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U.K. Police Just Took Unprecedented Action To Stop Trump From Ruining Manchester Probe

U.K. Police Just Took Unprecedented Action To Stop Trump From Ruining Manchester Probe

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America’s leaker-in-chief said today while attending NATO meetings in Brussels that he has instructed the Justice Department and others to stop intelligence leaks from the government, but he made no mention of stopping the leaks that have come from him in recent weeks. 

This comes in the wake of the latest embarrassment for President Trump: information provided to U.S. police and intelligence, including the identity of the 22-year-old Manchester bomber, showed up in American newspapers and other media before British police had released it to the public, compromising their own investigation into the horrific attack.

As a result, the Greater Manchester (England) Police have suspended intelligence sharing, the Mayor of Manchester, Andy Burnham, said, according to CNN. 

“The decision,” Burnham told CNN,  “that’s been taken is – not to suspend any sharing of information – it’s just information related to this particular investigation because we, quite frankly, can’t afford to risk it anymore, it has been compromised by the leaks and we can’t afford any more, so we’ve taken a temporary decision to say, ‘let’s clear it out and draw a line, let’s not have a row that lingers on.'”

On Wednesday, British Home Secretary Amber Rudd had issued what the BBC called “a stern rebuke to the U.S. government for leaking the name of the suspect in the Manchester bombing to American news outlets before U.K. authorities were prepared to make it public,” the BBC reported, adding: “She might as well have been shaking her fist at a cloud, for all the good it did.”

Coming into Trump’s first meeting today with the collected NATO leaders, U.K. Prime Minister Theresa May said she would “make clear to President Trump that intelligence that is shared between our law enforcement agencies must remain secure.”

“The decision to stop sharing police information with U.S. agencies was an extraordinary step for Britain,” reported Reuters, “which is usually at pains to emphasize it ‘special relationship’ with the United States. 

The decision not to share intelligence about the Manchester bomber would continue “until such time as we have assurances that no further unauthorized disclosures will occur,” a counter-terrorism source told Reuters.

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Trump tried to get ahead of the anger from key allies by releasing a statement as he arrived in Brussels for the NATO meetings: “The alleged leaks coming out of government agencies are deeply troubling. These leaks have been going on for a long time and my administration will get tot he bottom of this.”

There was considerable skepticism about Trump’s posturing. That starts with the leaks from Trump himself including sharing confidential Israeli information about plans for airplane security with the Russians, telling the murderous leader of the Philippines about secret U.S. submarine movements in his region, embarrassing information about interaction with foreign leaders (Australia, Canada, etc.)  and a pattern of continuing leaks about White House battles between warring factions.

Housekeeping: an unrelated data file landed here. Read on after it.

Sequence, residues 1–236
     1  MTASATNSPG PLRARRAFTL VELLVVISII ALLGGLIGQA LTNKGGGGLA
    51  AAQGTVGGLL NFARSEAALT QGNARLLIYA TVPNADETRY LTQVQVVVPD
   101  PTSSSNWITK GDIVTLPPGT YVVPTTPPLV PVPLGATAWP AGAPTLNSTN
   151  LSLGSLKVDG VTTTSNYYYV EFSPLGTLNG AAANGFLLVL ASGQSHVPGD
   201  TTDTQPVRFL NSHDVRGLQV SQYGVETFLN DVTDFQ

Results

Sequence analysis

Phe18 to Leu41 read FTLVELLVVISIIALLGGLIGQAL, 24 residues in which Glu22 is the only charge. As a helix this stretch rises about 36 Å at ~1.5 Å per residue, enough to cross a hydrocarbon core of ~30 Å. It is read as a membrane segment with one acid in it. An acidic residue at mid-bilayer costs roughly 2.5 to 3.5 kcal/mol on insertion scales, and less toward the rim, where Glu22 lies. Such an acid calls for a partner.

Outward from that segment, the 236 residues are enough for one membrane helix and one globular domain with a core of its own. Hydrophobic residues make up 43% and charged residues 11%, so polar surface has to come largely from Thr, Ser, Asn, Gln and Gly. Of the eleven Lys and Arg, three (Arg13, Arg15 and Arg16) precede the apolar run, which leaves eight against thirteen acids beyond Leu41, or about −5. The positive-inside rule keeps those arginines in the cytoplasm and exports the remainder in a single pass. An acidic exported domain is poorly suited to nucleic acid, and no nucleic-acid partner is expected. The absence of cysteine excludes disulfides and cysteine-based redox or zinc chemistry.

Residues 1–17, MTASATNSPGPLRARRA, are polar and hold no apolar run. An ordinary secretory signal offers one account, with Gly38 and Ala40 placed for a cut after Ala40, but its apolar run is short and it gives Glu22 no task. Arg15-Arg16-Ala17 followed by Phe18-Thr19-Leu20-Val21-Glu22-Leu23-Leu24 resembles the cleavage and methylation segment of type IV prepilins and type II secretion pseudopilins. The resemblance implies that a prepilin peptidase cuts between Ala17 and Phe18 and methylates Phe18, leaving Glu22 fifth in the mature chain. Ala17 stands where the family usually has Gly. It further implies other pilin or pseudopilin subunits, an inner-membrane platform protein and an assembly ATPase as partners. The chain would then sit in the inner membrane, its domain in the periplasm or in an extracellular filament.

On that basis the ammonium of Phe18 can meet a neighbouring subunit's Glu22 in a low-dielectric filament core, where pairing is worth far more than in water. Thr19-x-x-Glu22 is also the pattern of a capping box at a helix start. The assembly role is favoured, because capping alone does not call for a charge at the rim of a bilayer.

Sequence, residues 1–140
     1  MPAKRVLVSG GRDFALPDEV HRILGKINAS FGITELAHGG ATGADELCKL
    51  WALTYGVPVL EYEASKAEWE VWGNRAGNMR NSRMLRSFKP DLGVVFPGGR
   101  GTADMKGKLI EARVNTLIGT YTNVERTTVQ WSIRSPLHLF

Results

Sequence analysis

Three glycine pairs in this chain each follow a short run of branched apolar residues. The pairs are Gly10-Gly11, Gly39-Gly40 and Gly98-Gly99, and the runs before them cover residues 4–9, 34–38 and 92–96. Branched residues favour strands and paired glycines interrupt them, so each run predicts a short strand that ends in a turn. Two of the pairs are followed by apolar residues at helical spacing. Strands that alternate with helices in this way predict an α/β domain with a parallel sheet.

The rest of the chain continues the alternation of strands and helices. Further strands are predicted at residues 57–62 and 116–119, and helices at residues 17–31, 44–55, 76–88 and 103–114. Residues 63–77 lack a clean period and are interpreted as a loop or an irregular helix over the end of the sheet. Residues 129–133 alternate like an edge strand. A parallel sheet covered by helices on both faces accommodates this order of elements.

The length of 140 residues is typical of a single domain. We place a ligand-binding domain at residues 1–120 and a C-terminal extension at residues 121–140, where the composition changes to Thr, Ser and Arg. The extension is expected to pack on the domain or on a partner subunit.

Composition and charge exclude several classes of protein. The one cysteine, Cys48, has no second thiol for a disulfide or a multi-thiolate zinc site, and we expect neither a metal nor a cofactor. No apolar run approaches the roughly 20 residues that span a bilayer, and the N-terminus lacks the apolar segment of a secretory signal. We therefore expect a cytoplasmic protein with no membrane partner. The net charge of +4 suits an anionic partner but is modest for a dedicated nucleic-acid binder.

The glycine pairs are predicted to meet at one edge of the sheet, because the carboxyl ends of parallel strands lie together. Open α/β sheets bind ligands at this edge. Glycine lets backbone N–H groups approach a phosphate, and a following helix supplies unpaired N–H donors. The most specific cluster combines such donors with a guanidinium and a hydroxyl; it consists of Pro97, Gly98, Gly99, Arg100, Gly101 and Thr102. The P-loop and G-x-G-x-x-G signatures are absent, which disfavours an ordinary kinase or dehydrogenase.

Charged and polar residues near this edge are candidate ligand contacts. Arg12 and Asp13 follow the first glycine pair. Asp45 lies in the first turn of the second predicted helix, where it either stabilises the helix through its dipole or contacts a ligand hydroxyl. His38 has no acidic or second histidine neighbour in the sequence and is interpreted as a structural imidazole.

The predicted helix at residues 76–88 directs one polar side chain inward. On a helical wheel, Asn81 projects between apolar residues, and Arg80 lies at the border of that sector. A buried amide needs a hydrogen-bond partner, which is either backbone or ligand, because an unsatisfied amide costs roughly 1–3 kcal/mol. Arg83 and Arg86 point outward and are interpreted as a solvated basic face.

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 “At the moment we have a U.S. administration and U.S. intelligence agencies all leaking like sieves,” said former U.K. Ambassador to the U.S. Christopher Meyer, “so I’m afraid this is the reason why this has happened…This is a serious knock. It is a serious dent [in the relationship].”

Some blame leaks from those angry about Trump’s attacks on the U.S. intelligence agencies over the quality of their information, unproven accusations that he and his campaign were wiretapped, and the biggest irritant to him, the on-going investigation into Russian interference in the 2016 presidential campaign.

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“Mr. Trump has complained,” the BBC reported today, “that the intelligence community hasn’t taken the onslaught of leaks seriously over the past few months.”

While other intelligence services have not announced plans to curb sharing information with their U.S. counterparts and the White House, that doesn’t mean it isn’t happening or won’t happen, according to Leonid Bershidsky, founding editor of the Russian business daily Vedomosti.

“Allies of the U.S. won’t always be as open about withholding information as the British police have been,” warned Bershidsky in a Bloomberg View column today. “They will withhold it quietly, and they won’t leak those decisions to the press.”

As long as the U.S. has a president who can’t be trusted, overseeing an administration at war with itself, surrounded by a government shaken to its roots by huge cuts in funds to operate as it has for generations, the leaks will continue and danger will lurk for America and the world.

The real answer isn’t to just find out who is leaking, but to get rid of the biggest leaker of them all, the one who can’t keep from tweeting in the middle of the night and bragging to foreigners about his power by flashing confidential intelligence.





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